Not to mention that, using colour both to indicate whether there is an annotation, and whether it's public or group or private is overloading colour too much, imo. Colour should be used for one purpose, and that is to demonstrate at a glance why the user highlighted it--this is how students have highlighted textbooks for years, because obviously there is no analogue to "group" or "public" highlighting on a paper text. Therefore, it's ill-advised to now attempt to use colour for and aspect of highlighting which didn't exist in the paper experience--indicate new aspects, such as public/group highlighting, with something *new*. I would suggest a small icon in the corner of the highlight, or pehraps just a pop-up when you mouse over the highlight, although come to think of it, if you really want to use colours for this purpose, you could make it fully customizble, so that a user could have public disagreement highlights as 'green' or whatever they want, and private agreement highlights as 'olive' or whatever.
  • Adam Golding
     
    maggie_diigo wrote:
    > Adam,
    >
    > Thanks for taking the time to provide us with lots of good feedback.
    >
    > As a user, I can appreciate your points about customized colors. However, default color schemes not only make it easy for us to implement (I'd imagine there might be some performance issues if we allow users to dynamically customize the display - performance is something critical that we are unwilling to compromise), it also applies some consistency throughout the site when one is viewing the public annotations. Without a default color scheme, it will also make explaining to the new users how our system works even a lot more complex. For the sake of personalization for some users, wonder if this may cause a lot more confusion to majority of users... Lots of considerations needed here.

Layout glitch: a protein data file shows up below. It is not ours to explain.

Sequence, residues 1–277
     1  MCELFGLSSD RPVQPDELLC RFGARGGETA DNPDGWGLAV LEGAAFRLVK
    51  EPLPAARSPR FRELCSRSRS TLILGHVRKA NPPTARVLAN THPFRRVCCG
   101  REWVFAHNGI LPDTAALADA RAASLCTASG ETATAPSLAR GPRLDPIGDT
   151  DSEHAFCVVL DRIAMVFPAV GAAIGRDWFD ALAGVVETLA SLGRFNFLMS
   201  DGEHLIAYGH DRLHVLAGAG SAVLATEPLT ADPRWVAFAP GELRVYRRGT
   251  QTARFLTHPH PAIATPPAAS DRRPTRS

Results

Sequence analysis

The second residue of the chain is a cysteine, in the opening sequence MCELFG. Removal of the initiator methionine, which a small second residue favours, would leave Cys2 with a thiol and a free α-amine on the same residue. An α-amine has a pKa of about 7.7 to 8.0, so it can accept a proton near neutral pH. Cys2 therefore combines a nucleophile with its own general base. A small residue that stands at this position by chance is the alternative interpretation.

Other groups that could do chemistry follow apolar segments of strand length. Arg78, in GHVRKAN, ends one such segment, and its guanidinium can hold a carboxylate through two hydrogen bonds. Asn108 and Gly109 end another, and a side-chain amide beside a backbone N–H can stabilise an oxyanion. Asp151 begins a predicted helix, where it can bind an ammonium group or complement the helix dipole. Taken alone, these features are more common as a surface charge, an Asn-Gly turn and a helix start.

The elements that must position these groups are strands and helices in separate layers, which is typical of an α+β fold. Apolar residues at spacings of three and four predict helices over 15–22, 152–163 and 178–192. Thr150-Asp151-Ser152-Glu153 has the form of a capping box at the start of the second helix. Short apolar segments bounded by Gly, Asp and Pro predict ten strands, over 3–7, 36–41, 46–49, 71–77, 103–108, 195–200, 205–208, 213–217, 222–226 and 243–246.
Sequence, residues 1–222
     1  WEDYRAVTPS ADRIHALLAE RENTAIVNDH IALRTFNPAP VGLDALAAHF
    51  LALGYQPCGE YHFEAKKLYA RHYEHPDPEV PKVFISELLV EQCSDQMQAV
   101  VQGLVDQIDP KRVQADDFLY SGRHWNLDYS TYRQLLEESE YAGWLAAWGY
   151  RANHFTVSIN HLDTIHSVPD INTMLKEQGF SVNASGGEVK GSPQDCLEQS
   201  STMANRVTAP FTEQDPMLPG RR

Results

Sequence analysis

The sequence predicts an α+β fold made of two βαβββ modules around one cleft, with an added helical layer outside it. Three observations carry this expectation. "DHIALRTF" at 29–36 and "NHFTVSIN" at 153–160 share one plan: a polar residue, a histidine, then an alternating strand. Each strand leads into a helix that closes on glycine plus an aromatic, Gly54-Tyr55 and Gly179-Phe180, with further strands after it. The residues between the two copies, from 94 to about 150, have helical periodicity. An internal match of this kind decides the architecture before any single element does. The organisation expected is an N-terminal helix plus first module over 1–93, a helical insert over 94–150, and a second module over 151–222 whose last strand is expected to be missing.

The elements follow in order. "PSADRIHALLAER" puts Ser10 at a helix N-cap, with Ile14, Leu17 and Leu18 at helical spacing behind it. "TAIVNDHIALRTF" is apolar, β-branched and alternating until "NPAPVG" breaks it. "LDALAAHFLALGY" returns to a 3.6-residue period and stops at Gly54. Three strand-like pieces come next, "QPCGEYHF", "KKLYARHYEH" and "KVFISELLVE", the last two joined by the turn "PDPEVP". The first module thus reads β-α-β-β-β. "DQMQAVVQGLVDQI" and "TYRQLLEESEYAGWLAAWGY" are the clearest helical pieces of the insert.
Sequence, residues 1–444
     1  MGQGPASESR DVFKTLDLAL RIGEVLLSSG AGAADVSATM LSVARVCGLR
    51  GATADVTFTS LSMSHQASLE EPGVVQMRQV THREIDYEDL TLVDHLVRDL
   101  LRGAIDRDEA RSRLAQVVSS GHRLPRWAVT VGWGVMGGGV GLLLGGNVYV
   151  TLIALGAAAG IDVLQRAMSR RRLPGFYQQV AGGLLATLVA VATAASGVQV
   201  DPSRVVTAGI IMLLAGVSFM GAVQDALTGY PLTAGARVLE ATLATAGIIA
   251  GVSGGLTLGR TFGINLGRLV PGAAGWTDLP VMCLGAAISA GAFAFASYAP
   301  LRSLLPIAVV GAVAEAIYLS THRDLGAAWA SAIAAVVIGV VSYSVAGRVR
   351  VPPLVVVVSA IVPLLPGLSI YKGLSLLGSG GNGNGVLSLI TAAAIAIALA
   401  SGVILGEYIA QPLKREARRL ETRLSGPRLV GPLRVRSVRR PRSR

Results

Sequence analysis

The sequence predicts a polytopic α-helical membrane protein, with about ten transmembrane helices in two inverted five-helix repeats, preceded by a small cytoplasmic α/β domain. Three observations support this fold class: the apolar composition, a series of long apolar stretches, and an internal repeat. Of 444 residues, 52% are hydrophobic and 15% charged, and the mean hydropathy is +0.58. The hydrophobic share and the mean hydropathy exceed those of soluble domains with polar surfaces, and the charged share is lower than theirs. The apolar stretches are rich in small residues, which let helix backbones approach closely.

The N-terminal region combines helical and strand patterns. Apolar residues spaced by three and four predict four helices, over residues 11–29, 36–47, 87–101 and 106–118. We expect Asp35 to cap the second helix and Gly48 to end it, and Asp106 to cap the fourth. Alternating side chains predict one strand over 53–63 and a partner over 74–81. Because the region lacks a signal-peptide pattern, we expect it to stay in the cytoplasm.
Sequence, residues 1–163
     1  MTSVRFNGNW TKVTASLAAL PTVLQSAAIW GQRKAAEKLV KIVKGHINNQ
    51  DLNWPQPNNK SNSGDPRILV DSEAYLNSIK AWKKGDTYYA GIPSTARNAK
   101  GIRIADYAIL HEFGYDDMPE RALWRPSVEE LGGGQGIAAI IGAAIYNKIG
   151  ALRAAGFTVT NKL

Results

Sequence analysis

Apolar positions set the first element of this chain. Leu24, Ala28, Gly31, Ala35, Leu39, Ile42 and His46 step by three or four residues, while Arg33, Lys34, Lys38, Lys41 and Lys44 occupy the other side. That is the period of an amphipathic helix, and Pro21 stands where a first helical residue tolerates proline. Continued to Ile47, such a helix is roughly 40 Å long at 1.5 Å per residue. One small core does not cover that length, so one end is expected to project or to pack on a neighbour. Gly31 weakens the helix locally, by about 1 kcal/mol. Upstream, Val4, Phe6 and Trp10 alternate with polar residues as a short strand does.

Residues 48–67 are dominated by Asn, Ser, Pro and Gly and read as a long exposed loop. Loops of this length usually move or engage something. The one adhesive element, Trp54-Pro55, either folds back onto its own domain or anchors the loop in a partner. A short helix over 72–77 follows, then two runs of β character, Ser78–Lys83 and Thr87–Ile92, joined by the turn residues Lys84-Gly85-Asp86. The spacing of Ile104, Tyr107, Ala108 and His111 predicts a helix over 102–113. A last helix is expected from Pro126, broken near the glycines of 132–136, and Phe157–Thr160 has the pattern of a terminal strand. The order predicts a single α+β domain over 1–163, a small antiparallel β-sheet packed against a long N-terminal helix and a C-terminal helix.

hi maggie, i think you misunderstand my suggestion. I suggested that:

    1. highlights be of different types, including a 'normal' hihglight, and things like agreement or disagreement

    2. there be a default colour for each highlight type

    3. users be able to change the local mapping between colours and highlight types


    So, when a user viewed public highlights, the default would be, for instance, that all public generic highlights are yellow, all public agreement highlights are green, etc. So even if user A highlighted a passage as 'agreement' and they had their agreement colour set to 'brown', if user B came a long and viewed user A's public highlight, the colour they woudl be see woudl be whatever they have set locally to be the colour for 'agreement' highlights, which would have a reasonable default which most users wouldn't touch. The display of public highlight would be very consitent this way, and in explaing it to new users, the distinction between the tag and the corresponding colour need not even be mentioned--just give them the defaults and perhaps mention briefly that they can change the default colour. I should say this clearly: it's not defaults that are the problem--defaults are *very good*--it's having *unalterable* defaults here. And i say this not just in worship of customizability for customizability's sake--this is a very real part of how people interact with paper documents, and the whole point of electronic annotation ought to be to offer *more* functionality than you have on paper, in every way possible, so that it's less of an uncomfortable trade-off.